When it was time for the final vote, Victoria Staunches made a pitch to her neighbors: They needed to vote yes to buy their neighborhood, the Fox Hill Lane Mobile Home Park in Franconia, New Hampshire.
Staunches knew how precarious life could be in a mobile home park. She and her family had lost their home 12 years earlier when their park was sold to a new owner who wanted to develop the land for retail.
So when Staunches heard that the Fox Hill park was up for sale, she got involved. A park resident had already contacted the New Hampshire Community Loan Fund, a CDFI that helps mobile park residents own their communities. After a series of meetings, the residents voted yes to form a cooperative and buy their park.
“I said (to the residents), ‘In order to ensure that you still have your home and this land, we need to vote to own this,’” Staunches says. “It was a good feeling to know that I wasn’t going to have to pick up and move again.”
The Fox Hill Cooperative is one of 139 mobile parks that the Community Loan Fund has supported in becoming resident-owned cooperatives. That’s roughly one-third of all mobile parks in the state. Mobile parks are an affordable housing option for low-income residents, with home prices averaging $81,000, according to the Manufactured Homes Institute.
However, their affordability has been at risk. Private groups, especially equity firms, have been buying parks around the country, sometimes increasing rents so high that residents are trapped in a decision: abandon their homes or continue paying bills they can’t afford.
What helps make New Hampshire a success story for resident-owned communities is a law that requires owners give 60 days notice before they sell, so the residents can make an offer. The owner must consider the residents’ offer in good faith. Several other states have similar laws, but New Hampshire’s is one of the strongest.
Since the Community Loan Fund started this work in 1984, none of the 139 cooperatives have defaulted on their loans or reverted back to private ownership, says Zachery Palmer, a housing cooperative specialist at ROC-NH, which is part of the Community Loan Fund. Their work has been so successful, the group helped launch a venture to support resident-owned communities nationwide through ROC USA.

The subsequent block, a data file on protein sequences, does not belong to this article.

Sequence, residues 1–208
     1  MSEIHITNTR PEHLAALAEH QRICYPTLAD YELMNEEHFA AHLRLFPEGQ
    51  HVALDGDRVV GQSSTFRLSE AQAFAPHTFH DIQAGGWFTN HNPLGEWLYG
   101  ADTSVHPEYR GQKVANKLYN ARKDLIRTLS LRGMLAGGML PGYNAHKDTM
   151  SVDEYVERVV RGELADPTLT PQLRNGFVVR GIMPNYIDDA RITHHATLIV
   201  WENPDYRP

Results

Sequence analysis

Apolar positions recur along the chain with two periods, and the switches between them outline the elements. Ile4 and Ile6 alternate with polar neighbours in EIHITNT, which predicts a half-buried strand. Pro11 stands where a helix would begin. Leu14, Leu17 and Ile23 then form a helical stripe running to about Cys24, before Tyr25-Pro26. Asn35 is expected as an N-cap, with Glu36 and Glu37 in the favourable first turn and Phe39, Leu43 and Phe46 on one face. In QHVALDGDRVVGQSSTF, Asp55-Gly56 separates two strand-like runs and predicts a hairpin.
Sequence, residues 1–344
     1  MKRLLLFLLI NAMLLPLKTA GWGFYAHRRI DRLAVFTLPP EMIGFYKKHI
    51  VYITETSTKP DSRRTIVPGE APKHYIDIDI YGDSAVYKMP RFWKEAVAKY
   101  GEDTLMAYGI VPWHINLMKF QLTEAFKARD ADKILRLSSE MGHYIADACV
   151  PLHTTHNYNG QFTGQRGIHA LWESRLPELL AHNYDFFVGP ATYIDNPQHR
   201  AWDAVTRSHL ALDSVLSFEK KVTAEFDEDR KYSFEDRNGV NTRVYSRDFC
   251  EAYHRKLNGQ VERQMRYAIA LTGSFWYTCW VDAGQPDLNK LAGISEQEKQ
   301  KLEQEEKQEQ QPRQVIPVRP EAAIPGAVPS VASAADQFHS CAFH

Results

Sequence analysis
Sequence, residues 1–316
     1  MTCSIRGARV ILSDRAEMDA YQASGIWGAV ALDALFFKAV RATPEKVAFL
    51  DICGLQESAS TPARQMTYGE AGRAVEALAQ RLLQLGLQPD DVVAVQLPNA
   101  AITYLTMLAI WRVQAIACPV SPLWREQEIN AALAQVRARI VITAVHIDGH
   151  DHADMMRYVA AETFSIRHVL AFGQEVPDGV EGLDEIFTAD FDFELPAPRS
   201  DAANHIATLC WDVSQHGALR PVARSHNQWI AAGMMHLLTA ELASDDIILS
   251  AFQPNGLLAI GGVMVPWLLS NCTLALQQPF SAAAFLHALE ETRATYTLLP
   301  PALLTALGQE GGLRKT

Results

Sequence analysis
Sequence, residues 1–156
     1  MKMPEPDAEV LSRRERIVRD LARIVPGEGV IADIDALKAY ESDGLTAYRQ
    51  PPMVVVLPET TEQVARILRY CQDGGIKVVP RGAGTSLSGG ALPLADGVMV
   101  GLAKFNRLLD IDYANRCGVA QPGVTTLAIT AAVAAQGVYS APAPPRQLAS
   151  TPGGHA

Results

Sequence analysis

“You’re helping to preserve affordable housing and keep it in the hands of people who are in the community,” Palmer says. “It’s a way to keep affordable housing affordable and empower people who have typically been overlooked.”
The Community Loan Fund provides gap financing and ongoing technical support to the Fox Hill Cooperative, and connected them with a bank to finance the purchase of the park.
Victoria Staunches stands in front of the entrance to the Fox Hill Cooperative.
(Photo courtesy of Victoria Staunches)
Staunches, who was voted by her community to be the operations manager, volunteers with three other board members to oversee maintenance, enforce community bylaws, and fill empty lots so that the community has maximum revenue.
It can be challenging for smaller communities like Fox Hill, with 34 lots, to get enough engagement from residents to run the park, as compared to larger communities with 400 lots. But this hasn’t stopped them from taking on big projects.
The Community Loan Fund helped the park secure a USDA grant to replace a water line. This will involve ripping up the road, replacing affected septic systems and electrical panels and eliminating flooding areas.
“It’s a measure of how effective they are at working together that they were able to get this off the ground this quickly,” says Richard Weisberg, ROC-NH housing cooperative specialist and real estate broker, who is Fox Hill’s ongoing technical advisor.
While it’s a lot of work, Staunches says she would do it all over again to keep her home in Franconia, the laid-back, ski town that borders the White Mountain National Forest. Her son, daughter-in-law, and granddaughter live across the road, as does her best friend. The park sits under old pines next to a cemetery, and it’s so quiet at nights sitting on her front porch that she can hear a pin drop. Most importantly, she can stay as long as she wants to.
This story is part of our series, CDFI Futures, which explores the community development finance industry through the lenses of equity, public policy and inclusive community development. The series is generously supported by Partners for the Common Good. Sign up for PCG’s CapNexus newsletter at capnexus.org.
Kate is a Seattle-based writer who has written about education, climate change, foster care and food justice. Her bylines have appeared in YES! Magazine, The Atlantic, The 74 and a handful of Pacific Northwest community newspapers.